We took the 8:00 am Sunday morning train to ancient Moorish- influenced Granada to experience the UNESCO World Heritage Site of The Alhambra. The train and bus were relaxing and the peaceful Sunday morning walk from the bus station to the hotel gave us the time to explore without having to dodge selfie-sticks.
Our hotel Navras was located in the heart of the city with lots of lovely restaurants, bars and cafes just below our hotel window. (Spain is a late-night country but we’re pretty good at sleeping through anything)
We spent most of the day walking to all the important sites including the outside of the Alhambra. We learned that it’s almost impossible to get tickets to see the inside unless you plan months in advance or want to stand in line at 7:30 am for a handful of tickets.
We choose to take the advice of our favorite rural farm hotel owner at Las Piletas near Ronda and sleep in. She said, “Don’t worry. The inside is over-rated. And, the internet has made getting tickets very difficult. The Alhambra is beautiful from many different places and alleys in the city.”
We took her at her word and photographed the Alhambra from the perspectives of 11 miles of walking up and down hills, through alleyways, and from balconies.
We even spent 9 Euros each for a sangria at a bar with a view high on the hill above the Alhambra. I figure that’s 2 Euros for the sangria and 7 Euros for the view which is probably still cheaper than tickets to see the inside. PLUS we got to sleep in the next morning.
Even though several tour blogs said it was not important to spend more than one day in Granada, we actually loved being in a bigger city with tree-lines streets, good food available even during siesta time, and a really fun market that reminded us of the eclectic bazaars in Turkey, the start of our crazy overseas adventures. www. pjinturkey.blogspot.com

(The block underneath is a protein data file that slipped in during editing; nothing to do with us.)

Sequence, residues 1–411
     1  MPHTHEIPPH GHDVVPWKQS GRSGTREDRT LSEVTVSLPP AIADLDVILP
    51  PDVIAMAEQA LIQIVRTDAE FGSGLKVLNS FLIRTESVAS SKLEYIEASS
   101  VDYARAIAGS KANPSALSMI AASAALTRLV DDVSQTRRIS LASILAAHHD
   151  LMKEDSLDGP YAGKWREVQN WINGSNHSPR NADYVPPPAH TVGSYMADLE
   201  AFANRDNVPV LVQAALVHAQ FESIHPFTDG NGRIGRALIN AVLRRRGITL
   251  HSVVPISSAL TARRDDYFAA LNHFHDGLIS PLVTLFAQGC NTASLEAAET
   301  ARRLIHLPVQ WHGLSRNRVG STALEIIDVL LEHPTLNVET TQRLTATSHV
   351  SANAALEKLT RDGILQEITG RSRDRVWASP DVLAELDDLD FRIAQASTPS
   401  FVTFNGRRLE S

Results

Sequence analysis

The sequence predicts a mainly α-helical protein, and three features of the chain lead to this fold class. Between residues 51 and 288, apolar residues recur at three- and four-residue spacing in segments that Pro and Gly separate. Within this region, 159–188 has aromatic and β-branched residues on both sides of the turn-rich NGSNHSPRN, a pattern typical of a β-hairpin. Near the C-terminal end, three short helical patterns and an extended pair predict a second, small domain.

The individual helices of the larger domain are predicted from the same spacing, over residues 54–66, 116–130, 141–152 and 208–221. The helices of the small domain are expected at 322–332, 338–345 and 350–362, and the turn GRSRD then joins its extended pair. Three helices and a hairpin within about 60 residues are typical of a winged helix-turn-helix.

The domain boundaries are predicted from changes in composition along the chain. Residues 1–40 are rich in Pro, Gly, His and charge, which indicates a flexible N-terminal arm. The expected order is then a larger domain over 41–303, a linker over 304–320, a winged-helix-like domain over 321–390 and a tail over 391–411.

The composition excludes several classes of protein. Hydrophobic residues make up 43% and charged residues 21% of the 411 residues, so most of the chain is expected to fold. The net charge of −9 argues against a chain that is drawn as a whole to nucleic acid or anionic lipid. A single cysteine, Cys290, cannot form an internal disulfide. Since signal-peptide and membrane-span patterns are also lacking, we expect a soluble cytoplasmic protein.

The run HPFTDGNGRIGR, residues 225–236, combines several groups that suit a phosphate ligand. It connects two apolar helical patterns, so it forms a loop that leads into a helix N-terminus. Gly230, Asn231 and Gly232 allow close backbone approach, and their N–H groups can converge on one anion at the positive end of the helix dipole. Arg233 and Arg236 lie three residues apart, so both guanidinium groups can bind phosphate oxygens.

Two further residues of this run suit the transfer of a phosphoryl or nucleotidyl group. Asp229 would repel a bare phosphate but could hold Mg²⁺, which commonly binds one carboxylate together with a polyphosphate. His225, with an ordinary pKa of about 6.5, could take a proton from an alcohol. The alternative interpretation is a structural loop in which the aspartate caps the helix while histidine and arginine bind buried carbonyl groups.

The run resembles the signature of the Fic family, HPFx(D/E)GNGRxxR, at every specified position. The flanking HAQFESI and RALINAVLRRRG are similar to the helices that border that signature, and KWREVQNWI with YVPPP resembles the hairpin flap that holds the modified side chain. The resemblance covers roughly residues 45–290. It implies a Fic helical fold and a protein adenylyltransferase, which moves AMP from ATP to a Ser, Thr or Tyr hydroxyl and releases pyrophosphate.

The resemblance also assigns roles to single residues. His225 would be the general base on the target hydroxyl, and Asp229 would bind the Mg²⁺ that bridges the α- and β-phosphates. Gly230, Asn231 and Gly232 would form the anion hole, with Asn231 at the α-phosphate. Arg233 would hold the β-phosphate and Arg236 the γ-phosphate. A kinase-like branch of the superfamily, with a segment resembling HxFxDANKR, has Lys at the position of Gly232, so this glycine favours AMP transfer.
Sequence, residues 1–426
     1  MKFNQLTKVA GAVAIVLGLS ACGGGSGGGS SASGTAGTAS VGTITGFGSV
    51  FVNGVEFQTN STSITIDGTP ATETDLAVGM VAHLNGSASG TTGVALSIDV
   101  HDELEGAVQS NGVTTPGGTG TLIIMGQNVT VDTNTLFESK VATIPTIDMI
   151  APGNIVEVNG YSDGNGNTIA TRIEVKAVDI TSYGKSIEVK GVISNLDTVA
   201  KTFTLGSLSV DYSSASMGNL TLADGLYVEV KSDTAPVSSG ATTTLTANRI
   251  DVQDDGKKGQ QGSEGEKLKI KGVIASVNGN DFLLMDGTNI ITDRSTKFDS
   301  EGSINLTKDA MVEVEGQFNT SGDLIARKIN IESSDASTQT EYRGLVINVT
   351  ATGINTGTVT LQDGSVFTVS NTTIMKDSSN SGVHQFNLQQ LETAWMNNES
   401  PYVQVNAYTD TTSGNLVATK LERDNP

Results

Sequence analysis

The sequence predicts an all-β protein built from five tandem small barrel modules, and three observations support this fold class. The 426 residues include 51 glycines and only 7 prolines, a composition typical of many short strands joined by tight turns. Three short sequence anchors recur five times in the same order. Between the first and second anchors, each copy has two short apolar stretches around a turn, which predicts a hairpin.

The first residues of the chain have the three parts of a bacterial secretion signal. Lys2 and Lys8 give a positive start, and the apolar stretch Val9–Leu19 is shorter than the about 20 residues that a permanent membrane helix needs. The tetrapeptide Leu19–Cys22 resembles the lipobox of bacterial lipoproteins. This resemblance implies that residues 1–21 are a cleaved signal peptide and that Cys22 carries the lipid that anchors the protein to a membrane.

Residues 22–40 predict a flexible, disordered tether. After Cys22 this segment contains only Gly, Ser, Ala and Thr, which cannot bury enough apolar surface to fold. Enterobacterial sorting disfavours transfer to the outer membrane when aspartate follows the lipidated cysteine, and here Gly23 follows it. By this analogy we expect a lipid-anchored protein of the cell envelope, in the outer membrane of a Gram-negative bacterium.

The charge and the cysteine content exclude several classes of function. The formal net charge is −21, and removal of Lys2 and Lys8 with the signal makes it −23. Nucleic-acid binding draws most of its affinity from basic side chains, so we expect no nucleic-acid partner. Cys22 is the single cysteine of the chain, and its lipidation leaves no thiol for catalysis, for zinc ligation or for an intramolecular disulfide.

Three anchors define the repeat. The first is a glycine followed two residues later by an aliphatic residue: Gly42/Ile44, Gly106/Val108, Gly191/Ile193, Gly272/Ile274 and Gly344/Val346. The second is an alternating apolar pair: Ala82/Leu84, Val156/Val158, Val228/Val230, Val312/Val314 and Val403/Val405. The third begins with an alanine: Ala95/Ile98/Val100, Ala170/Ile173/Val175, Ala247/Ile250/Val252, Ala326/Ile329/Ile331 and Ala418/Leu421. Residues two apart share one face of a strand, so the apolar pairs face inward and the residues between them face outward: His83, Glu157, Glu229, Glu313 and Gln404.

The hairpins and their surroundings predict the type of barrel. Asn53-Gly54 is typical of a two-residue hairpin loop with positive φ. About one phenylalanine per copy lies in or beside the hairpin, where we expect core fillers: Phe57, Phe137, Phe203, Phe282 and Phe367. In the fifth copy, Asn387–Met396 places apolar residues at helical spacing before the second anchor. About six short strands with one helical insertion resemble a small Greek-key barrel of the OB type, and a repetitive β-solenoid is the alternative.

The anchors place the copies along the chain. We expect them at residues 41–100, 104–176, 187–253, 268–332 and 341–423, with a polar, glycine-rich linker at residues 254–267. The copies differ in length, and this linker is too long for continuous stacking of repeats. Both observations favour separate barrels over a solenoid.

I couldn’t help but think of the similarities between the conquests of Constantinople and Granada. The Sultan Mehmet II conquered Constantinople in 1453 and renamed it Istanbul thus ending the Roman Empire and dealing a serious blow to Christianity and strengthening the Ottoman Empire.
Mohammed XII handed over the keys to the Alhambra Granada in 1492. Queen Isabella of Castile and King Ferdinand of Aragon took their job seriously of uniting what would become modern day Spain and strengthening the Catholic Church.
I probably learned about these two conquests in high school history class, but drawing time lines, coloring maps, and memorizing dates didn’t t do justice to the significance of the people, land, power, and money actually involved in these battles/conquests.
I couldn’t help but think about how both Constantinople (Istanbul) and Granada were flourishing, sophisticated civilizations with palaces, castles, forts, weapons, armies, art, music in 1492 when Queen Isabella and King Ferdinand gave Christopher Columbus permission (the money) to sail and accidentally discover America.
I wonder if I could make history come alive for students?…..hum…..
One last note on Granada….we went to a flamenco music/dance show which I loved. The dancers and the guitar player were so skilled that I my cheeks hurts from the huge grin I had on my face the entire show. Wow…just wow!